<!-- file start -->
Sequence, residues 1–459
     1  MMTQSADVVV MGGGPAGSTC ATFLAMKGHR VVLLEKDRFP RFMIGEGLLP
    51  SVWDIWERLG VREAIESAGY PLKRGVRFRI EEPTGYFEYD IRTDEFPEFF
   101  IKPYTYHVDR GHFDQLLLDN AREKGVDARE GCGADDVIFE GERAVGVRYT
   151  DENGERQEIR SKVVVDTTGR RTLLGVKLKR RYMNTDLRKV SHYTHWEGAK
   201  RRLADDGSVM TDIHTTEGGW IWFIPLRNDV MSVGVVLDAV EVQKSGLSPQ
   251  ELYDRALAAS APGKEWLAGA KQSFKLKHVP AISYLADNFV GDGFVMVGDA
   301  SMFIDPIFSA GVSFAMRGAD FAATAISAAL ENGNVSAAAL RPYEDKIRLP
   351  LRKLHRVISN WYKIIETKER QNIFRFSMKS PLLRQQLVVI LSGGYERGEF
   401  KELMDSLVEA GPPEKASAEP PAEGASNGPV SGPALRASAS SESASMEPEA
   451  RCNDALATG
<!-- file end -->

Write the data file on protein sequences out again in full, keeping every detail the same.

Sequence, residues 1–459
     1  MMTQSADVVV MGGGPAGSTC ATFLAMKGHR VVLLEKDRFP RFMIGEGLLP
    51  SVWDIWERLG VREAIESAGY PLKRGVRFRI EEPTGYFEYD IRTDEFPEFF
   101  IKPYTYHVDR GHFDQLLLDN AREKGVDARE GCGADDVIFE GERAVGVRYT
   151  DENGERQEIR SKVVVDTTGR RTLLGVKLKR RYMNTDLRKV SHYTHWEGAK
   201  RRLADDGSVM TDIHTTEGGW IWFIPLRNDV MSVGVVLDAV EVQKSGLSPQ
   251  ELYDRALAAS APGKEWLAGA KQSFKLKHVP AISYLADNFV GDGFVMVGDA
   301  SMFIDPIFSA GVSFAMRGAD FAATAISAAL ENGNVSAAAL RPYEDKIRLP
   351  LRKLHRVISN WYKIIETKER QNIFRFSMKS PLLRQQLVVI LSGGYERGEF
   401  KELMDSLVEA GPPEKASAEP PAEGASNGPV SGPALRASAS SESASMEPEA
   451  RCNDALATG